Financial Aid Available
Financial may be available to assist with educational or vocational pursuits. Financial aid is available in the form of student loans, grants, student loans and scholarships. It’s important to know the differences and requirements of each loan as outlined below.
Types of financial aid
Grant – A grant generally does not have to be repaid and is issued by the federal government in the form of Pell Grants, Federal Supplemental Educational Opportunity Grants (FSEOG), Federal Work-Study (FWS), and grants for ex-military service, among others. Grants are also available from the state where the student resides. There are some instances when a grant does have to be repaid, so be sure to check with the organization who issues the grant.
Student Loan – A loan is an agreement that has to be repaid. You will be provided with a payment schedule and cost breakdown. When applying, be aware of the repayment schedule and make sure you are able to honor the agreement. Loans are available through the federal government, states, and private or non-profit organizations.
Scholarship – An amount designated to those with a particular talent in any field, awarded on the basis of merit by private organizations, religious organizations, place of employment or union affiliation, ethnic-based organizations, local businesses, or civic groups.
Here are some links to help understand what financial aid is available, and how to apply:
Who is eligible to receive financial aid?
- Individuals living in a halfway house, or participating in a reentry program. If you are residing in an institution other than a federal or state institution, eligibility for a federal grant is possible
- Individuals released to the community, after program completion
- Individuals released on parole or probation
Who is NOT eligible for financial aid?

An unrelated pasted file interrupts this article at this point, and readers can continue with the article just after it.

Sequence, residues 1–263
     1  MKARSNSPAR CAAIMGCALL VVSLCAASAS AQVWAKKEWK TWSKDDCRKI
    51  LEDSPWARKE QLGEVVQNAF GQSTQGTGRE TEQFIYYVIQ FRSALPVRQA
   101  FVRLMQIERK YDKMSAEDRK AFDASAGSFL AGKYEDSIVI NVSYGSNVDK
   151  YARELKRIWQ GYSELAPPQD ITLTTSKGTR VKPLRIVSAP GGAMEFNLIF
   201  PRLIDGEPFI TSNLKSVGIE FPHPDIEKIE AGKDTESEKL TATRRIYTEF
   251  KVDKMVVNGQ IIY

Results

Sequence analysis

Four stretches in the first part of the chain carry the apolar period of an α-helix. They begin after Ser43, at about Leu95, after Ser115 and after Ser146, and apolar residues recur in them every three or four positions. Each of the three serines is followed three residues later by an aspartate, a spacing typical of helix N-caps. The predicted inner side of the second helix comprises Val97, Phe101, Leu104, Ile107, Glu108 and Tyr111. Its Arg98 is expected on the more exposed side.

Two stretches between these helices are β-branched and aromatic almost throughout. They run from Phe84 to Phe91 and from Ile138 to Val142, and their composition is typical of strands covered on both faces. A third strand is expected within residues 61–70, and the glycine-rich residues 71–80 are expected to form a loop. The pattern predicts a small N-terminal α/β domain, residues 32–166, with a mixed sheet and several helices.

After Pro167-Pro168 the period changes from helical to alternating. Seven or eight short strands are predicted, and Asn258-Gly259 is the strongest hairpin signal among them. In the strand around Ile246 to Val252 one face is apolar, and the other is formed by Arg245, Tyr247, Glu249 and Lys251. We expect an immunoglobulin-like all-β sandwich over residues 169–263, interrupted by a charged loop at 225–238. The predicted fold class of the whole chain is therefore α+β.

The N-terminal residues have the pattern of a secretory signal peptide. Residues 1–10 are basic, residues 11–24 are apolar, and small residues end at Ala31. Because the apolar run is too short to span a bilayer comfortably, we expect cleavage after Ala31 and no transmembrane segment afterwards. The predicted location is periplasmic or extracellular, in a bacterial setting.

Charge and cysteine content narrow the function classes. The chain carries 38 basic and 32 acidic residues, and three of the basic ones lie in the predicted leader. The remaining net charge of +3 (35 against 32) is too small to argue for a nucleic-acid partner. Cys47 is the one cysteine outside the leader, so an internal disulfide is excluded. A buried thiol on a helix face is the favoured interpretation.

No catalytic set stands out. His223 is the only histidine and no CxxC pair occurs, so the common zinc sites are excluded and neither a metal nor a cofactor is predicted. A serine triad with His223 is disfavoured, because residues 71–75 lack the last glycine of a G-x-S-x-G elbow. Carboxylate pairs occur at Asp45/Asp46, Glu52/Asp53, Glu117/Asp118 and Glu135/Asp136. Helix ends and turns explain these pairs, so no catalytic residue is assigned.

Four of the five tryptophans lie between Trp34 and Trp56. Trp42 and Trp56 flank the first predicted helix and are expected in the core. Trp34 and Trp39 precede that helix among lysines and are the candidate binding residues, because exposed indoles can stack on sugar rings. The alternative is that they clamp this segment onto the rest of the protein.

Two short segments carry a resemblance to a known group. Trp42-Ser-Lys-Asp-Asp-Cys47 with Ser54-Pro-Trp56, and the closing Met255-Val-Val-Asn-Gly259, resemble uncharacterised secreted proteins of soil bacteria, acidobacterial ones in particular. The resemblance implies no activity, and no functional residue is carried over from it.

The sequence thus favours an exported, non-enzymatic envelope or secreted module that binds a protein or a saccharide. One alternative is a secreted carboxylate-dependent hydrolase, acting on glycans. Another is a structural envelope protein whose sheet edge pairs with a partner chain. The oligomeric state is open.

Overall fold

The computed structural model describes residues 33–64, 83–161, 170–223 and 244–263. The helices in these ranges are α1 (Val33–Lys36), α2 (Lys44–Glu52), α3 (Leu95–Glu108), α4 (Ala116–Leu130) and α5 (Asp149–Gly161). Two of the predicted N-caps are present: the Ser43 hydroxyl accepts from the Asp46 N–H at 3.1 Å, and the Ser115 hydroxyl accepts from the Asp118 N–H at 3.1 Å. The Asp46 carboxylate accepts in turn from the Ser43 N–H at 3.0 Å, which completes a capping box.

- Individuals currently incarcerated in a federal or state institution are not eligible for federal grants
- Individuals convicted of a crime while receiving financial aid
- Individuals currently incarcerated for sexual crimes
For further explanation of eligibility for financial aid after incarceration please see:
Most financial aid considerations will begin by submitting the Free Application for Federal Student Aid (FAFSA®) at: https://studentaid.gov/h/apply-for-aid/fafsa. This form will determine your eligibility and is usually the first step in seeking financial aid whether it be on the federal or state level. It is important to have a social security card number and any additional paperwork on hand that will confirm your identity.
If you have reentered the community and selected an academic or trade school, fill out the FAFSA® form and check with the financial aid office at the school for information and suggestions concerning applications. The FAFSA® can be complicated, so getting assistance from those with knowledge of financial aid at the school of your choice is important.
How Aid is Appropriated
If you do qualify to receive financial aid, the amount of money available is determined by several factors that include income level, family responsibilities, or military service from you or a family member. Depending on a variety of factors, individuals can receive full or partial amounts. If you are applying for federal financial aid, check with your financial aid advisors to see if your state has any options to supplement the aid.